Distance, dimension, Size in people and things


The most common way of asking about distance is probably:

  • How far is it? Is it a long way? Is it a long way? Is it very far? Is it very far?
  • No, just round the corner. / a couple of minutes’ walk (= very near).
  • No, not far. / No, about five or ten minutes’ walk (= quite near).
  • Yeah quite a long way. / Yeah, over a mile.
  • Yes it’s a long way. / Yes it’s miles. / Yes it’s too far to walk.


  • We can use far in a question or negative but not in a positive statement on its own
  • We don’t say ‘it’s far’, we say ‘it’s a long way’. But we can say ‘it’s too far to walk’.

Size and dimension

We can describe size using the nouns above or the adjectives formed from them, like this:

  • What’s the length/width/height/depth/size of …?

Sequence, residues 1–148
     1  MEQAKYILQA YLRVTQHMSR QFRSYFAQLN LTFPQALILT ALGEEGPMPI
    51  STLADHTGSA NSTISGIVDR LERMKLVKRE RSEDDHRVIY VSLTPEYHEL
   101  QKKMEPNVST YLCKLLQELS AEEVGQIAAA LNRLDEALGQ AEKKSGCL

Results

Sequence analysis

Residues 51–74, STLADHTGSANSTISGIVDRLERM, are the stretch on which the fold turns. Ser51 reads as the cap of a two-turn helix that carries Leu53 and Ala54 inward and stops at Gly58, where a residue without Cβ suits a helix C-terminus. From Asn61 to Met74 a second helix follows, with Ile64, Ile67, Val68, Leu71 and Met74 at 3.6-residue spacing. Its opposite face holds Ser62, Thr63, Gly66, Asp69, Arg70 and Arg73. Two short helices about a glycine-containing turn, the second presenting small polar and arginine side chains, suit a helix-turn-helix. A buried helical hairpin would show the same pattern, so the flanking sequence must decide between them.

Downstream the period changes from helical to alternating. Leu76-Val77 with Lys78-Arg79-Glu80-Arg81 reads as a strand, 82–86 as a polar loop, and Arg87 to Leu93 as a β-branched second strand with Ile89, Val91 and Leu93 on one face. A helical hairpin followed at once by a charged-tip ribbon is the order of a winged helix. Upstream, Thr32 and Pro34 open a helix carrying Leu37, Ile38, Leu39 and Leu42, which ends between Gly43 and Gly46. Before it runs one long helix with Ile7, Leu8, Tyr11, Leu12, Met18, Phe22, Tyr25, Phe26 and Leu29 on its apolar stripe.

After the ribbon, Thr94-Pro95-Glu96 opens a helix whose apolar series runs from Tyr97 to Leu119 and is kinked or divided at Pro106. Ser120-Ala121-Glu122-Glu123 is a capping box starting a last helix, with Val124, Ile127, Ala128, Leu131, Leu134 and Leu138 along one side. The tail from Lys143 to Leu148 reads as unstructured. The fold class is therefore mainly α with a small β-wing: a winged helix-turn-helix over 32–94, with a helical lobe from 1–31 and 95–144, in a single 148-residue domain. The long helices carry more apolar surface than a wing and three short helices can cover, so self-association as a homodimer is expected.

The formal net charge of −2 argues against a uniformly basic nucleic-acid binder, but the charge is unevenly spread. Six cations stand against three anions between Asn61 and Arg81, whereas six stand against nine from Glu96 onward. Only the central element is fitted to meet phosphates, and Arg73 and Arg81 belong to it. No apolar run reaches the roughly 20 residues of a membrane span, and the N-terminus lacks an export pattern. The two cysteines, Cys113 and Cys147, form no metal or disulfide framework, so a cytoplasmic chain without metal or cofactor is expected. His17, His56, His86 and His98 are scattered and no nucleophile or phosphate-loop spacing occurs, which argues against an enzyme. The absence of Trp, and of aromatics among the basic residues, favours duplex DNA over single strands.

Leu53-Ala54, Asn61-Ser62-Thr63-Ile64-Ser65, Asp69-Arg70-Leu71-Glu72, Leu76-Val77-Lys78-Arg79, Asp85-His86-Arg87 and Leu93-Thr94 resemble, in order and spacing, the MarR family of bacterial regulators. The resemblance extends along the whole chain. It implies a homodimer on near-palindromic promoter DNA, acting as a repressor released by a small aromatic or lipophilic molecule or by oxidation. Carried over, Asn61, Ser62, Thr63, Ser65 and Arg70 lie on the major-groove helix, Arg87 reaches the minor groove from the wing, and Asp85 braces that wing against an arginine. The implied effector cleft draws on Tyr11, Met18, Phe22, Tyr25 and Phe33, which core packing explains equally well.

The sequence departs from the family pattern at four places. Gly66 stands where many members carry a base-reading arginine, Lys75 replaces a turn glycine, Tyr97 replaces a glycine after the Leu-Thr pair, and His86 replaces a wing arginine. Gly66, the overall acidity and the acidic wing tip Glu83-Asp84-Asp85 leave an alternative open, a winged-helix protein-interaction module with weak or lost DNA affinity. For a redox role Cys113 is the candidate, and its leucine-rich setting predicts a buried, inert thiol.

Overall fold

• How long/wide/high/tall/deep/big is …?


• We generally use tall to describe people, trees and buildings; and high to describe mountains. We also say high-rise buildings.

• Notice also that in the answer to these questions, an adjective follows the measurement: The garden is about ten metres wide. (= The width is about ten metres.)

Size in people and things

We use different words to describe the size of people and things:

  • a tall girl     (not a short girl)
  • a fat person    (not a thin person)
  • a long book (= many pages)    (not a short book)
  • a deep lake (= many metres)   (not a shallow lake)
  • a thick book (not a thin book)
  • a wide road    (not a narrow road)


  • We can use big or large to describe size in English, but not great.
  • For English speaking people, great (infml) = fantastic.
  • But we can use great before big to say that something is very big, e.g. I saw a great big dog in the park.
  • If you want to ask about size in clothes, you say: What size are you? or What size (shoes) do you take? If you don’t know, then you need someone to measure you.